Holocaust Memorial Day Lecture
A single word - Auschwitz - is often used to encapsulate the totality of persecution and suffering involved in the Holocaust. But this obscures the fuller story, and the multiple legacies of Nazi persecution across generations and continents. In Reckonings, Fulbrook explores the continuing impact of the Holocaust over the decades. She exposes the shocking disjuncture between official myths about ‘dealing with the past’ and the extent to which the vast majority of Nazi perpetrators evaded justice. She situates the experiences of survivors in the changing contexts in which they sought to make sense of unprecedented suffering, and reveals ways in which subsequent generations were affected by growing up in the shadow of this past. The Holocaust is not mere ‘history’ and the contemporary memorial landscape barely hints at the maelstrom of reverberations of the Nazi era at a personal level.
Mary Fulbrook, FBA, is Professor of German History at University College London and author of the Fraenkel Prize-winning A Small Town near Auschwitz: Ordinary Nazis and the Holocaust.
From the reviews:
‘Extraordinarily well-researched, filled with heartbreaking, heroic and harrowing life stories, Reckonings is comprehensive, cogent and compelling. Fulbrook's book is a must-read for anyone interested in the realities - and the legacies - of the Nazi Past.’ - Glenn C. Altschuler, The Jerusalem Post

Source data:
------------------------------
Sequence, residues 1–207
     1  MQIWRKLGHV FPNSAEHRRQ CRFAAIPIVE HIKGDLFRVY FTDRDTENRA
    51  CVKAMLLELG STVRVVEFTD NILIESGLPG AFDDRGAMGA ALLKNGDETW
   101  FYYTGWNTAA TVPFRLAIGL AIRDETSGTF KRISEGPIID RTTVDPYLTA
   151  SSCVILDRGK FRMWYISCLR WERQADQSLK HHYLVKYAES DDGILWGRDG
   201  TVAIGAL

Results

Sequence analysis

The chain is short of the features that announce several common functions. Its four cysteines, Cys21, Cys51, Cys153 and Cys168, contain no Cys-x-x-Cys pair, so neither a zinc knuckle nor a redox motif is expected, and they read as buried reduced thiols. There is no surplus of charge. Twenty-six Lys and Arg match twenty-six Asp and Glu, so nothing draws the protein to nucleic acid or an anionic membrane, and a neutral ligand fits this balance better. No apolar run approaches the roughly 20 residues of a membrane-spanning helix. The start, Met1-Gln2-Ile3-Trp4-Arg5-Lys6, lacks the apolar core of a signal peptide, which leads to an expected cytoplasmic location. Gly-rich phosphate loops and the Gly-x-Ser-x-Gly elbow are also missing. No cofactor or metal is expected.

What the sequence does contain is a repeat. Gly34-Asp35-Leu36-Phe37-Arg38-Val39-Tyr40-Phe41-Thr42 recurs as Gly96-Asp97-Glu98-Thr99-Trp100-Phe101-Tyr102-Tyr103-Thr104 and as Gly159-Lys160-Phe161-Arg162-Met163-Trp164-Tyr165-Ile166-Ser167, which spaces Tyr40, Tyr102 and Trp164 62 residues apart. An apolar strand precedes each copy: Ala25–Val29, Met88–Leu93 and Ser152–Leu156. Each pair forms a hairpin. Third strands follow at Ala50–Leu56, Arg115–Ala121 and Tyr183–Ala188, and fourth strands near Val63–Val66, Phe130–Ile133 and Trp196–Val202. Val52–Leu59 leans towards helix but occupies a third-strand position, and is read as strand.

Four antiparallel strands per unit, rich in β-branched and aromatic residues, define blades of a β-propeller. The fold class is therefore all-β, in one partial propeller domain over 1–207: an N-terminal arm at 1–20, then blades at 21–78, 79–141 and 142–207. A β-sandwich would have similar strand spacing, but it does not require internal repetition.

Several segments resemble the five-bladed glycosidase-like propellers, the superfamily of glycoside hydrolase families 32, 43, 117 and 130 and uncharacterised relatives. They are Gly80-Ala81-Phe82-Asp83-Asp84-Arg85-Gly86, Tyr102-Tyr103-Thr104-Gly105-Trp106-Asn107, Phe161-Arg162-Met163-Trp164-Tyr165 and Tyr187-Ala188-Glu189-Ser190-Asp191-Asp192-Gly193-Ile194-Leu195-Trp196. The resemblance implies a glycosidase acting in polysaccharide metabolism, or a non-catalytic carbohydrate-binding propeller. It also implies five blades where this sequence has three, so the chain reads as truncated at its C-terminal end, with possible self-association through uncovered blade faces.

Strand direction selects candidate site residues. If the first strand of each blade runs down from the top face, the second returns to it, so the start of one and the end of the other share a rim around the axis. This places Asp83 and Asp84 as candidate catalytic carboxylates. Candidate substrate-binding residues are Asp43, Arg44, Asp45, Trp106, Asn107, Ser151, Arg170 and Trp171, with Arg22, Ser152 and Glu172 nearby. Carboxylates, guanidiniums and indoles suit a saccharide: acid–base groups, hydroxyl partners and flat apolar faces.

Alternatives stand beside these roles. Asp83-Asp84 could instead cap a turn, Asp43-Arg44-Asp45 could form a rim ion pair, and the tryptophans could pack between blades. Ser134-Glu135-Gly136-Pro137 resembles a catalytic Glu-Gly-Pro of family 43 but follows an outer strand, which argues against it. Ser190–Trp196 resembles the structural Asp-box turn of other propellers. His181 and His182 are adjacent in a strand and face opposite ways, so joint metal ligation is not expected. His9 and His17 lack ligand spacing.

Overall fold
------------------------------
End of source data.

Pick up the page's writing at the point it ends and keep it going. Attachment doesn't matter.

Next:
‘This volume deserves prizes... It is a sense of deep injustice, as well as horror, that will overcome readers of Reckonings: its main theme is how the overwhelming majority of those involved in the murder of an estimated six million men, women and children were either never brought to justice or were dealt with so leniently that it amounted to an insult to the victims.’ - Dominic Lawson, The Daily Mail
‘A work of expert scholarship and profound moral energy’ – Jane Caplan, Professor Emeritus of Modern European History, University of Oxford
‘A powerfully argued critique of current memorial practices… posing challenging questions for the future’ – Professor Elizabeth Harvey, University of Nottingham
‘A magisterial book… essential reading’ - Professor Nicholas Stargardt, Oxford University
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